Next, locate or create any needed photographic artwork, being sure to supply an appropriate caption and perhaps citation. If you do not have the necessary images, you can take the pictures.
The final preliminary content to highlight in this collection of information is the “branding boilerplate” language you want to include. For instance, we chose the following message for our blog:
“Produced by two experienced communication professionals, Brand Building for Small Business is a blog that aims to provide practical, do-it-yourself advice about creating a brand identity from the bottom up. Expect, simple, straightforward tips that can be executed by a single person or a small group on a very tight budget.”
As a result, we try to incorporate at least the substance of this message (if not the exact words) into any press release, knowing such content is the most likely to get cut by an editor.
Finding Your Lead . . . and Shuffling Content in Order of Importance
Now that you have assembled all of your content, you must begin to incorporate the elements into a cohesive story. The first step is to identify your lead. Specifically, read through the 5 W’s you’ve collected and decide which one is the most important.
For instance, “what” and “who” would probably be the elements you introduce first for an employee press release with “when” and “where” being secondary. For example . . .
“The ABC company recently named Mrs. Mary Smith (your “who”) the “Employee of the month” (your “what”). She will receive her official reward on June 14th (your “when”) at the annual company meeting at the ABC corporate headquarters (your “where”). She is being recognized for outstanding customer service (“why”), which reflects ABC’s philosophy of putting the customer first (using this portion of the “why” to tie back very directly to the company’s branding statement).
Once this lead is in place, I’d include a paragraph of biographical detail about Mary’s background and history with ABC. I’d add a quote from Mary about being surprised and honored as well as another from her supervisor about the reasons Mary is worthy and reflects those qualities that are part of the ABC brand. Information about past recipients might also be included.
Finally, I’d explain the process of selecting the Employee of the Month (the “how” in this case), which could create a further branding opportunity by indicating the choice was made by fellow employees or perhaps the company’s customers.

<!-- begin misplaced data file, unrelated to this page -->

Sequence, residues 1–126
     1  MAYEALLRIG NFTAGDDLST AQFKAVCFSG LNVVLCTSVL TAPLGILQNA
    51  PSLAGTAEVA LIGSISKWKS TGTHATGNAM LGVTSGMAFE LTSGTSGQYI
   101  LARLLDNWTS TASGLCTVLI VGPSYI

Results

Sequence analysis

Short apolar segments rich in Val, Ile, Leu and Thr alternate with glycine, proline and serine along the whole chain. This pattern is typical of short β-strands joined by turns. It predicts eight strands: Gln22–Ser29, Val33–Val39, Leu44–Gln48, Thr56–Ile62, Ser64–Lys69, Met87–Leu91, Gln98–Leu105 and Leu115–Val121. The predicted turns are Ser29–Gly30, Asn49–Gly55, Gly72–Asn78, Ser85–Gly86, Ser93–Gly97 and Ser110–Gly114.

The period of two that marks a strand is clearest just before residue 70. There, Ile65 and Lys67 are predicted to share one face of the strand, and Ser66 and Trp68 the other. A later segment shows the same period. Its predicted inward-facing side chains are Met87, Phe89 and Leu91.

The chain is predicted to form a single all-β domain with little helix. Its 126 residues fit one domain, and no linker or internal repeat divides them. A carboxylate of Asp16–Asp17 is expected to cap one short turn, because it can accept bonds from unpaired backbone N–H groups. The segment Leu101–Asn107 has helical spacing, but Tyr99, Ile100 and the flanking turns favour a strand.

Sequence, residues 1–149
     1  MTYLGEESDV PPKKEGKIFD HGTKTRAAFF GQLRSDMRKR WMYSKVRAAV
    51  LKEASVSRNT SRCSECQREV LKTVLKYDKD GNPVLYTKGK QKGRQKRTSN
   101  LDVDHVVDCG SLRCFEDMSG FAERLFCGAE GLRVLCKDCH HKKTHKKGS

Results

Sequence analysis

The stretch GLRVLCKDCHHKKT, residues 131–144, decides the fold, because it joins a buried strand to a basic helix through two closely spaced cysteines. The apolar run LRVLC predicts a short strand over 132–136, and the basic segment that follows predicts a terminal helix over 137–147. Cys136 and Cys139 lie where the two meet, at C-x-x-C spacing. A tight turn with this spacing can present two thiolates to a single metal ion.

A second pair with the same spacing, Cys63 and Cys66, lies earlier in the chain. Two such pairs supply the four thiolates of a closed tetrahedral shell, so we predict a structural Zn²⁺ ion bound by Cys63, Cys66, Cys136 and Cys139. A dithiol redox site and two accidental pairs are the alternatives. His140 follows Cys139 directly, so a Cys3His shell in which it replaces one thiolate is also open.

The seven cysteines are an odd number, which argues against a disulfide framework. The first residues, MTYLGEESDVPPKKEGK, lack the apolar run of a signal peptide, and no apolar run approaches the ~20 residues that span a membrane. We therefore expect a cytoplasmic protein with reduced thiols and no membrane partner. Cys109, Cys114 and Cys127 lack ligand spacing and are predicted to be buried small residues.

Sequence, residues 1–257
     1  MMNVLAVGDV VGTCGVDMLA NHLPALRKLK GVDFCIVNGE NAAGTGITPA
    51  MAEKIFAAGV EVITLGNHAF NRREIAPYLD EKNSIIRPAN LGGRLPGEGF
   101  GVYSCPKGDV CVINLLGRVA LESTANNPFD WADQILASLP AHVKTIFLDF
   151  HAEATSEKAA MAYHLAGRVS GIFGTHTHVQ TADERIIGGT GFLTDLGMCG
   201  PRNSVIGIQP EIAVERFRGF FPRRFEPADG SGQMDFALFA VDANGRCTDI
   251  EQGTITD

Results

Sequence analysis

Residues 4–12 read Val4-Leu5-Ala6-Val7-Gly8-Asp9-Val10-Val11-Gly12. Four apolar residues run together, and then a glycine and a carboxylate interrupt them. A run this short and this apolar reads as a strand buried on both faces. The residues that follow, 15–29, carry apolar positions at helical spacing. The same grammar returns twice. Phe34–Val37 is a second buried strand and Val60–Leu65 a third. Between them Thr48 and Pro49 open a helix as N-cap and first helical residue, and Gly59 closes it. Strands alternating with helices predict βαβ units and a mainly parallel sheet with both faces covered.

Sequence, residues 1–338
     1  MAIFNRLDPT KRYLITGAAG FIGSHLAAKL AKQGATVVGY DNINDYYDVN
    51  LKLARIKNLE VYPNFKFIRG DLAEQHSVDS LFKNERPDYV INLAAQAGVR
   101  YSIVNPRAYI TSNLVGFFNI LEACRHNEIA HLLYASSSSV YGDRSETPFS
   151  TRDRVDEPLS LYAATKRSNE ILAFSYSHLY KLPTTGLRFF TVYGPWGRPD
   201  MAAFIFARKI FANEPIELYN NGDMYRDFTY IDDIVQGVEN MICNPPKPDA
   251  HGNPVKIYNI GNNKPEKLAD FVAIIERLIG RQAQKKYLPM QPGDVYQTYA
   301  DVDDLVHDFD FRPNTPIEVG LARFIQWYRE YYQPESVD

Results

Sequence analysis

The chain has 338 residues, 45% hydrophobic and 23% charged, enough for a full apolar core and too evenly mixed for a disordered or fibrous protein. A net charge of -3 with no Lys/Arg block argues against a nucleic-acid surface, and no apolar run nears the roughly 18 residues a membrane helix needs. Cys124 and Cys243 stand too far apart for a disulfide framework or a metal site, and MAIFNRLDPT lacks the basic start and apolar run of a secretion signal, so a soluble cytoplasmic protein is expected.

Then, I would insert a paragraph that describes ABC and highlights some of the company’s accomplishments. Within this section, I’d include the quote from the high-ranking company official that is pretty much exclusively about the organization. (The inclusion of this statement will probably increase the chances of the company information surviving the final cut.) Very often, a paragraph such as this one would reflect your company’s boilerplate. If not, I’d incorporate that as part of my closing.
For this particular story, I’d be sure to include a photo of Mary and/or the award ceremony as well as photos of other quoted parties and perhaps an image of the ABC corporate headquarters (assuming the place is closely associated with the company and perhaps a bit iconic).
As I hope this one example above suggests, each collection of details will have an intrinsic order of importance that hopefully makes the progression of the press release both obvious and easy to write. For instance, “what,” “when,” and “where” would probably be the lead of a “Grand Opening” with “who” being used to mention the dignitaries expected to attend. “Why” would almost certainly incorporate some statement about customer convenience that would provide a point of entry into a recap about branding. An image of the new location would be essential.
For a press release about a new product, “what” and “when” would probably provide the essence of your lead with “who” being secondary unless a specific individual was instrumental in developing the new product. Once again, “why” would provide an opportunity to expound upon branding and the ways in which customer needs were being better served. The “how” in this case could talk about the process of development and perhaps incorporate some discussion about the ways in which customer feedback came into play.
As you can see, the 5 W’s are pretty much a part of any press release you’d choose to create. By using these elements to gather and organize your content, your narrative will be half written – you’ll just need to figure out the correct order for presenting the information for maximum effect. Generally speaking, most press releases will be less than 500 words, so taking this approach should be very useful in getting you close to a finished product.
To make sure no information is overlooked, we’ve created a template listing all the important components from this post to help you put together your content. You will ALWAYS have some details to plug into each section. Once gathered, the ultimate order will most often become fairly obvious.
Note: In a future article, we plan to create examples of simple common press releases such as the kinds mentioned in this article (i.e., Grand Opening, New Product Rollout, Employee of the Month Award, etc.).